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Shirley Collins - This Time Roses

Shirley Collins’ career as a singer started in the late ’50s, with an initial leaning towards American songs, rapidly followed by a deepening interest in her own native songs, including those of her family in Sussex. Her popularity steadily increased through the ’60s when she worked as a soloist, with the unique guitarist Davy Graham, with her sister Dolly, and with a group of musicians who specialised in early music on original instruments. During the early ’70s she became involved with Ashley Hutchings and hence with electric folk music, or folk/rock as it was then called. She also worked with the Albion Band in the National Theatre in The Passion and Lark Rise.

Shirley Collins
Shirley, mid-1950s

I first heard Shirley Collins on a Topic album called The Sweet Primeroses in the late ’60s. My first and abiding impression was “Oh, then it’s alright to sing in the same way that you speak.” (This in the context of a burgeoning club scene full of Joan Baez clones). Subsequently I saw and heard her sing fairly frequently until the late ’70s. I came to value her singing more and more highly. Many of the southern English songs that she sings are gems – exquiste melodies and lyrics both – and she delivers them in a way that lets the song speak for itself. The power is not in her voice in technical terms, but in her ability to sing with complete lack of affectation, a great sense of familiarity and ease with the song, and with complete honesty.

In recent years, many of her albums have been reissued or reactivated, including Sweet England from the ’50s and Anthems In Eden (with Dolly) from the late ’60s, both now on See For Miles, Love, Death & The Lady (also with Dolly, from 1970) now on BGO, the 1964 Folk Roots, New Routes (with Davy Graham) on Righteous, the 1967 Power Of The True Love Knot now on Hannibal, and 1971’s No Roses with the Albion Country Band. But I had heard to my sadness that Shirley had stopped singing – there were rumours of throat trouble – and the last I’d heard was that she was managing Brighton’s Oxfam shop. So I was pleased and intrigued when it was suggested I interview her. As it turned out, she had just given in her notice and has decided to try to make her living in music once more; writing, broadcasting and maybe even singing.

I visited her in July at her home in Brighton. We spent a very enjoyable evening talking in company with her friends Ian and Rebekah Kearey who live close by, and who both contributed to the conversation.

The first question that occurred to me was how did an innocent young Sussex girl get to go off round the southern states of the U.S.A. with Alan Lomax all those years ago?

I met Alan Lomax at a party that Ewan MacColl gave and I’d been a great admirer of Alan Lomax’s for some time, just through listening to his work on the BBC. I knew that at that time American music seemed to me much more exotic than any other music I’d ever heard. I was quite obsessed by it. I thought that the greatest thing in the world would be to go to the Library of Congress and listen to the music, and actually when I met Alan Lomax at Ewan’s party I mentioned the Library of Congress and nobody else he’d met had ever heard of the Library.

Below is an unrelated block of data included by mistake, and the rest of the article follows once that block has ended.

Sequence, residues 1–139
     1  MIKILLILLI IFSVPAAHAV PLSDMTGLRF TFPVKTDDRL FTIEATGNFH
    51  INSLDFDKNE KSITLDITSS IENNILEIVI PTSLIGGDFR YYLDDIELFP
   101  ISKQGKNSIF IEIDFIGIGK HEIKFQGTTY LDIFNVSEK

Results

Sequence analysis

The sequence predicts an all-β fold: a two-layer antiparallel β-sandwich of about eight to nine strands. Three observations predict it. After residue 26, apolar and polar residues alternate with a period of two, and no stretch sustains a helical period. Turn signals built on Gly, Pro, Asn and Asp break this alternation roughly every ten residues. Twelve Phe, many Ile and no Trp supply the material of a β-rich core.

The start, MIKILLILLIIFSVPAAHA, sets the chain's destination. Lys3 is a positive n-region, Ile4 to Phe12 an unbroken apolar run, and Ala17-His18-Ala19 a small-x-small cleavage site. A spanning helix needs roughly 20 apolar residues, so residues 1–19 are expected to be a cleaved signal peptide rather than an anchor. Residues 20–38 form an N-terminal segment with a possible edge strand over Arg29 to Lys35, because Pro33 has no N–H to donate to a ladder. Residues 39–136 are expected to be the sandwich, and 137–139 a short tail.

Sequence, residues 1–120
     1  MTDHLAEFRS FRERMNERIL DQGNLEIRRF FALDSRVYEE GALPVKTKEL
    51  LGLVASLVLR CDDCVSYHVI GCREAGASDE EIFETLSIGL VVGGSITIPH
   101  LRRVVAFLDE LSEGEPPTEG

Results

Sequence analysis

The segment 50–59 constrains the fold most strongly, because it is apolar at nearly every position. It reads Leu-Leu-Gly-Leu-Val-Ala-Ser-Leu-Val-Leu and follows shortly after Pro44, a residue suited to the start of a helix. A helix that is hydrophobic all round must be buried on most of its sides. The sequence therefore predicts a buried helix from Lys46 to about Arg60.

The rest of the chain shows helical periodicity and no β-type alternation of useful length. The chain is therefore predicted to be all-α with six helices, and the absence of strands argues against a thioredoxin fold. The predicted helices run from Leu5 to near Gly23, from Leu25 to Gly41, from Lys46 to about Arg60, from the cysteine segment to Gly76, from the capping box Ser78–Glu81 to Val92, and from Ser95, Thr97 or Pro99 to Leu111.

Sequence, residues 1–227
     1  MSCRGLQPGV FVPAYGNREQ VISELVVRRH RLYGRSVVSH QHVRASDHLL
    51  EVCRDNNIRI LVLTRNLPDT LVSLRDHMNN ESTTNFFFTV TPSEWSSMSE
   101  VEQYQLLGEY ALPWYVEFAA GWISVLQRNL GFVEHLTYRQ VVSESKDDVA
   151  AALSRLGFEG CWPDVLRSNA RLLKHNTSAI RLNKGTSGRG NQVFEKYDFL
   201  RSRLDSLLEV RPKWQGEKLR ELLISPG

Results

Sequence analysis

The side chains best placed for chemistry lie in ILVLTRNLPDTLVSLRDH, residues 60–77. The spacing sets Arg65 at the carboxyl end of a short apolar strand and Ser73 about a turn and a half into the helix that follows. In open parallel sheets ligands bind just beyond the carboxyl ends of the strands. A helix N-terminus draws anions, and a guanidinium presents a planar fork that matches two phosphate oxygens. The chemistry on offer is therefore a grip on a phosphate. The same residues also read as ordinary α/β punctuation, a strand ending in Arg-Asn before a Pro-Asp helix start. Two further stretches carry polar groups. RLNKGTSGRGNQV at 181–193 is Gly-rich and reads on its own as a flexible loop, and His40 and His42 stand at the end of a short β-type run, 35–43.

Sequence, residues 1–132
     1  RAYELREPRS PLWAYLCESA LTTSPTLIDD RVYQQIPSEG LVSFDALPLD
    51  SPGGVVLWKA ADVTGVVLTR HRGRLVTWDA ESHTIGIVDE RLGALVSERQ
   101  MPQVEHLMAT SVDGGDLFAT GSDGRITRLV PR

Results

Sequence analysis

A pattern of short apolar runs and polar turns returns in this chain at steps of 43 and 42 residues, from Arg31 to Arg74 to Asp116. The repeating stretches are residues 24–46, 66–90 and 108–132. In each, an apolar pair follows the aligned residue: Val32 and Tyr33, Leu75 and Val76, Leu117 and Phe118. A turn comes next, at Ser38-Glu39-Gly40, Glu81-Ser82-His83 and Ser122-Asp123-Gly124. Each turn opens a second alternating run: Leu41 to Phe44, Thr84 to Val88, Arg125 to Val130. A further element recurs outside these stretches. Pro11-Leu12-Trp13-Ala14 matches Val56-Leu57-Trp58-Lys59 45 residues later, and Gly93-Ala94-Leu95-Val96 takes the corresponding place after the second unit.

Although, yes, I was an innocent person from Sussex, I had luckily been brought up to listen to all sorts of music, and I just happened to say the right thing to Alan at the right time. I mean, I did admire him; I thought what he’d done was wonderful.

So what happened; did he just sort of say “Come with me, my dear”?

No, but he was on a collecting trip; he was collecting in Britain at the time. I think he did rather like me and I rather liked him. He came down to Hastings to record me and my mother and my sister and he brought his wife with him. I think he was still married to her at that time… or not? No, she’d always had another person she was living with, but she was in England with him.

I mean, it was a sort of romantic thing as well. Probably this is the first time I’ve admitted this in public, but yes, I did have an affair with Alan Lomax. I mean, I’ve never said it before, because it would seem not a necessary thing to say; but now that I’m grown up one doesn’t have to pretend that one wasn’t in love with Alan at the time, because I was.

So many people seem to get into things like music through some sort of romantic involvement which they don’t admit at the time.

Well, of course. Human love is the greatest thing there is and the most affecting thing there is. The effect it has on people’s lives is extraordinary, and you get into all sorts of situations because of it.


From Folk Roots 65, November 1988

 

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